Heavily infested tick habitats, such as wooded areas, should be avoided if possible. If not possible, then use of wide trails, not straying off the trail, and not sitting on the ground may decrease exposure. Careful attention also should be given to clothing worn in these areas. Clothing should be light-colored to make tick identification easier. Long sleeves and long pants that are tight at the wrists, ankles, and waist, and long pants tucked into light colored socks are preferable. A hat should be worn in densely wooded areas.

    Tick and insect repellents that contain n,n-diethyl-m-toluamide (DEET) applied to the skin provide additional protection but require reapplication every 1 to 2 hours for maximum effectiveness. Although serious neurologic complications in children resulting from the frequent and excessive application of DEET-containing repellents have been reported, they are rare, and the risk is low when these compounds are used according to product label instructions.15–17Therefore, DEET should be applied sparingly, according to product label instructions, only to exposed skin, and not to a child's face, hands, or skin that is irritated or abraded. After the child returns indoors, treated skin should be washed with soap and water. Concentrations of DEET greater than 30% usually are not necessary. Permethrin (a synthetic pyrethroid) is available in a repellent spray for application to clothing only and is particularly effective because it kills ticks on contact.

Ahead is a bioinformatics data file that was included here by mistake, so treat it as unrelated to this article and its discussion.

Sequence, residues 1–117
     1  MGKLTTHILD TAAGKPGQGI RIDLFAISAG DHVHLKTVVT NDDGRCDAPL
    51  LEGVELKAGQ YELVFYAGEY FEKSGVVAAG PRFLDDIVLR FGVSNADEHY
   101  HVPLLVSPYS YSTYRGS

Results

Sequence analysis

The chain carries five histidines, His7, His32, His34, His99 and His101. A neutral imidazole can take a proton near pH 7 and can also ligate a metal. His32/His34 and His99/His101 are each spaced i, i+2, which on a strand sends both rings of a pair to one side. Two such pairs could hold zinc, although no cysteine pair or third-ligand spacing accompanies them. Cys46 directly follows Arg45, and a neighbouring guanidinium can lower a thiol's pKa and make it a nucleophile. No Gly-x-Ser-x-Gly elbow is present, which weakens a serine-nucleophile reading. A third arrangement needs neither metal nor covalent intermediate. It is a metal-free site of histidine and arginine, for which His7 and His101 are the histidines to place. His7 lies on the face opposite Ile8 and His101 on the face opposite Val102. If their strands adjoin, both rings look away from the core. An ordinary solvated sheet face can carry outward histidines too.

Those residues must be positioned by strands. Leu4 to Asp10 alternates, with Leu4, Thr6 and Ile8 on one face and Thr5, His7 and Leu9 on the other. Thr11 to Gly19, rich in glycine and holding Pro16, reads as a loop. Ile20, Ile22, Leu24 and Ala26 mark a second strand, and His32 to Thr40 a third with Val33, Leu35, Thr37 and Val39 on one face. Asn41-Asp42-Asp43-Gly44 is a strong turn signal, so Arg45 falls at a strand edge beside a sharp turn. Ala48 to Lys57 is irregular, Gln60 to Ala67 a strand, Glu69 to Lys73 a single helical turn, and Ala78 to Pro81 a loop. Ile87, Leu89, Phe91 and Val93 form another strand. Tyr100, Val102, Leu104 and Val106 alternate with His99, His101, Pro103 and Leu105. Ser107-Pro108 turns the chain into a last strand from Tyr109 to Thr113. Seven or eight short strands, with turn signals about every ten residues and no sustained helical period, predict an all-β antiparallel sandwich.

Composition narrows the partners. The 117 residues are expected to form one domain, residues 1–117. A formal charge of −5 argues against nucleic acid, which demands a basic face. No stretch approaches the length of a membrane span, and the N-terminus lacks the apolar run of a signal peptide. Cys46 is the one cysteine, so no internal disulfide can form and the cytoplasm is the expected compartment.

Persons should be taught to inspect themselves and their children's bodies and clothing daily after possible tick exposure. Special attention should be given to the exposed hairy regions of the body where ticks often attach, including the heads and necks of children.

    Because animal studies indicate that transmission of B burgdorferi from infected ticks usually requires a prolonged duration of attachment (≥48 hours), ticks should be removed promptly.18 ,19 The body of the tick should not be squeezed during removal. It should be grasped with a fine tweezers as close to the skin as possible and removed by gently pulling the tick straight out without twisting motions. If fingers are used to remove ticks, they should be protected with gloves or facial tissue and washed after removal of the tick. Analysis of ticks to determine if they are infected is not indicated because the predictive values of such tests in relation to the development of human disease are unknown.